Private First Class Bradley Manning is currently detained at Fort Leavenworth, Kansas, waiting for a hearing to decide whether he will face a court martial. He had been detained for ten months at the Marine Corps Brig, Quantico, Virginia in maximum-custody solitary confinement under highly questionable, i.e., inhumane, harsh and punitive, conditions, as Amnesty International wrote in a letter addressing Secretary of Defense Robert Gates. Assistant Secretary of State for Public Affairs Philip J. Crowley was fired abruptly resigned after having called Manning’s detention conditions “ridiculous, counterproductive and stupid.”
Manning has been charged first with twelve, then another 22 charges including “aiding the enemy”, a capital offense. President Obama has already prejudged Manning guilty. “He broke the law,” the law professor inconsiderately taught us at a fundraiser in California.
Bradley Manning is the man who had allegedly provided WikiLeaks with the 12 July 2007 Baghdad Apache helicopter airstrike video (“Collateral Murder”, released on 5 April 2010), video footage of the Granai massacre in Afghanistan 4 May 2009 (not released yet), and 250,000 secret or classified U.S. diplomatic cables which have led to diplomatic complications all over the world and which might even have sparked uprisings in Tunisia, Egypt, Libya and elsewhere in the Arab world. It has also been suggested that Manning has provided WikiLeaks with the Afghan War Diaries (released by WikiLeaks on 25 July 2010), the Iraq War Logs (22 October 2010) and the Gitmo Files (25 April 2011).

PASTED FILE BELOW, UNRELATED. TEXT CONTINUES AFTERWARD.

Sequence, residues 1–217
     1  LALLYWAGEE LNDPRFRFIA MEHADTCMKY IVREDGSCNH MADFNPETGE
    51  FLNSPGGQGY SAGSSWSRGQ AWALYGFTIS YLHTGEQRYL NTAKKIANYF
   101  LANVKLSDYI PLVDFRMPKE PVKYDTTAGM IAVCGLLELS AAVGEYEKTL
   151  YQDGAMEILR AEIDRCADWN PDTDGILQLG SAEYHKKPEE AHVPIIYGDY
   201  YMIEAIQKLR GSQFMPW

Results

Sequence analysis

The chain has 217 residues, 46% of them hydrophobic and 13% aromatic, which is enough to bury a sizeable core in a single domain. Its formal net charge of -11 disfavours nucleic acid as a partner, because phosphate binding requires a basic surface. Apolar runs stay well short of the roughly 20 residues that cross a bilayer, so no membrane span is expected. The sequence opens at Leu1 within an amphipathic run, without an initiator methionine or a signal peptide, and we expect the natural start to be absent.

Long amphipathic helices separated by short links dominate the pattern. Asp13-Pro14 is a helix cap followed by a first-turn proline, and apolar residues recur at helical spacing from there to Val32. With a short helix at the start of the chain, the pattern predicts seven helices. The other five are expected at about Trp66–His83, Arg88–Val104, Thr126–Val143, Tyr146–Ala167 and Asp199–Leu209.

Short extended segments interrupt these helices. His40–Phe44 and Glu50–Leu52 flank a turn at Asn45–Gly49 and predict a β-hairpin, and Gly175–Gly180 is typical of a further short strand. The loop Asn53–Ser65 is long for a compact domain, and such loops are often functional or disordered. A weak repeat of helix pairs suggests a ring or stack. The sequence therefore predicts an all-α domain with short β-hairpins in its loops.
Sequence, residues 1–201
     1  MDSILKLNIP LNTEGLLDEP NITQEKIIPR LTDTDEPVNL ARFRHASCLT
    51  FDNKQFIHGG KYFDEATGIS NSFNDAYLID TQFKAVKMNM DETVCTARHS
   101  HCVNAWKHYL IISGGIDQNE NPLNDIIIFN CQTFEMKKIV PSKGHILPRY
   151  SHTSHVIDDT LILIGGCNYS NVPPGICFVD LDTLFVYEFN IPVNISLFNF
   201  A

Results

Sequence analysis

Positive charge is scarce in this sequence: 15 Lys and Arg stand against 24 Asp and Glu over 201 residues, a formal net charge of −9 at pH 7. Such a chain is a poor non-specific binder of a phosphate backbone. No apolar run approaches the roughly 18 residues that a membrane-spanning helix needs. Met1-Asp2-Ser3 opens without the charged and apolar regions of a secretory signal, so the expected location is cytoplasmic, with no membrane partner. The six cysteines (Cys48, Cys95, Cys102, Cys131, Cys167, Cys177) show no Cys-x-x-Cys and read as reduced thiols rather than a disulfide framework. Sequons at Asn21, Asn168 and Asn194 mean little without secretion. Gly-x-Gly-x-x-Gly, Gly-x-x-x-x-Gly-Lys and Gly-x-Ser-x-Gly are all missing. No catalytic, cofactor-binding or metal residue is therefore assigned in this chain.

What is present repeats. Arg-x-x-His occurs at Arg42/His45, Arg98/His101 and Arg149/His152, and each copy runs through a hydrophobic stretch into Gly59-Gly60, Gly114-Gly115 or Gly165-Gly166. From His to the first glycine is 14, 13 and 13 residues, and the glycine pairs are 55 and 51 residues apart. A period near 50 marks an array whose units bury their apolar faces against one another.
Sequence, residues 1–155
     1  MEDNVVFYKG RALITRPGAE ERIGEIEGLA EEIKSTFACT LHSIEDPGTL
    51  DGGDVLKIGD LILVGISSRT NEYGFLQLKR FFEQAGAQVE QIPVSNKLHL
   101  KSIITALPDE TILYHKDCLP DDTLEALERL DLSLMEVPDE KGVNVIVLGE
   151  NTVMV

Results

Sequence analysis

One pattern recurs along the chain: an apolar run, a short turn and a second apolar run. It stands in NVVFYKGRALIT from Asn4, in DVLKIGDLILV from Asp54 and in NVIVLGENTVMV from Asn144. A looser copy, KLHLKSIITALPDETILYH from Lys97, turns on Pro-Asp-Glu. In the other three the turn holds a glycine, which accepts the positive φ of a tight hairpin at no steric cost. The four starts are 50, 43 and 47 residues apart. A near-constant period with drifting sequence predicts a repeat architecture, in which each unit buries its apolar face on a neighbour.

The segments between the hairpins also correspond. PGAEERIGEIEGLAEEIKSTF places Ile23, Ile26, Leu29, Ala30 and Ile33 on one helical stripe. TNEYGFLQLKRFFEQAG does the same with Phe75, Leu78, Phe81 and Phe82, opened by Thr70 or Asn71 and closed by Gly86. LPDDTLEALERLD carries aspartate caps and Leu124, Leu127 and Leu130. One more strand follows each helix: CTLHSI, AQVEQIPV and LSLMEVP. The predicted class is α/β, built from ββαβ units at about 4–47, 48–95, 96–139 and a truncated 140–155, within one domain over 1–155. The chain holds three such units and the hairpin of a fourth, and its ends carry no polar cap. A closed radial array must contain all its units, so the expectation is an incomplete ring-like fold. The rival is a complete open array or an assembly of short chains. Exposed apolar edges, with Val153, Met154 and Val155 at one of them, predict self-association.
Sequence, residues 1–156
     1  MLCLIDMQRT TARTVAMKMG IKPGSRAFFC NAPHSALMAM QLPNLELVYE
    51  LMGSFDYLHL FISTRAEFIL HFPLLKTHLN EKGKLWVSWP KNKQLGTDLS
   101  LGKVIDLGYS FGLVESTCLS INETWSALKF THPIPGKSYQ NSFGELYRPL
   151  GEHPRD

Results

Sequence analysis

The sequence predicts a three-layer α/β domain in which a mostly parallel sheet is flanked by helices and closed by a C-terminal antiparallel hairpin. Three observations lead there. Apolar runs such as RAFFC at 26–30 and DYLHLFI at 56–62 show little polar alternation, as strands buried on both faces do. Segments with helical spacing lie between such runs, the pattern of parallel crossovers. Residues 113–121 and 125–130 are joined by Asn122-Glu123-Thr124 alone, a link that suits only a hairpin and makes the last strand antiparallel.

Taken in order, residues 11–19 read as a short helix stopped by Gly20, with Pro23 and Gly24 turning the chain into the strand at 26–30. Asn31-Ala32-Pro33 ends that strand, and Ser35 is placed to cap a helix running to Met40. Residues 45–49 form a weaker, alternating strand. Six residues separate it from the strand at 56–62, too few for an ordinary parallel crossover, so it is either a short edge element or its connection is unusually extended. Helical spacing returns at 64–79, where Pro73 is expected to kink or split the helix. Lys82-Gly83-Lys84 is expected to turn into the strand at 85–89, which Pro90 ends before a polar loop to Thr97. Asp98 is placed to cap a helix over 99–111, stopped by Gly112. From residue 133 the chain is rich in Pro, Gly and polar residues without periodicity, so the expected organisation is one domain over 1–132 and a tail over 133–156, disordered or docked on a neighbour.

Recent “documentaries” by PBS and The Guardian about Bradley Manning’s mindset and WikiLeaks are deeply disturbing. Their hidden motivation may be to create a desired broad public opinion on Manning the outcast. Of course, it is becoming clear that, when watching the videos, Manning was a misfit in the U.S. Army, but not necessarily elsewhere: openly gay, a munchkin, intelligent, idealistic. So what’s normal here?
Bringing forward proof (desperately concealed) for apparent war crimes (the Baghdad Airstrike, the Granai Massacre) and reporting it is an obligation to everybody. The question here is, to whom should he have reported it? Revealing what is really going on in Iraq, Afghanistan, U.S. Embassies; well, if it is possible to download such sensitive material by a 22-yr-old private in the middle of nowhere in the Iraqi desert one should find the true culprits elsewhere.
So maybe and hopefully these disingenuous attempts by PBS and The Guardian will eventually backfire. Bradass, his alleged username in chats with former hacker Adrian Lamo who betrayed him to the FBI one year ago, wasn’t a badass, a stereotype of GI feared in many parts of the world (including Lynndie England, Charles Graner, Ivan Frederick in Abu Ghuraib, etc.; convicted small fry, by the way, as usual).
Last modification June 4, 2011.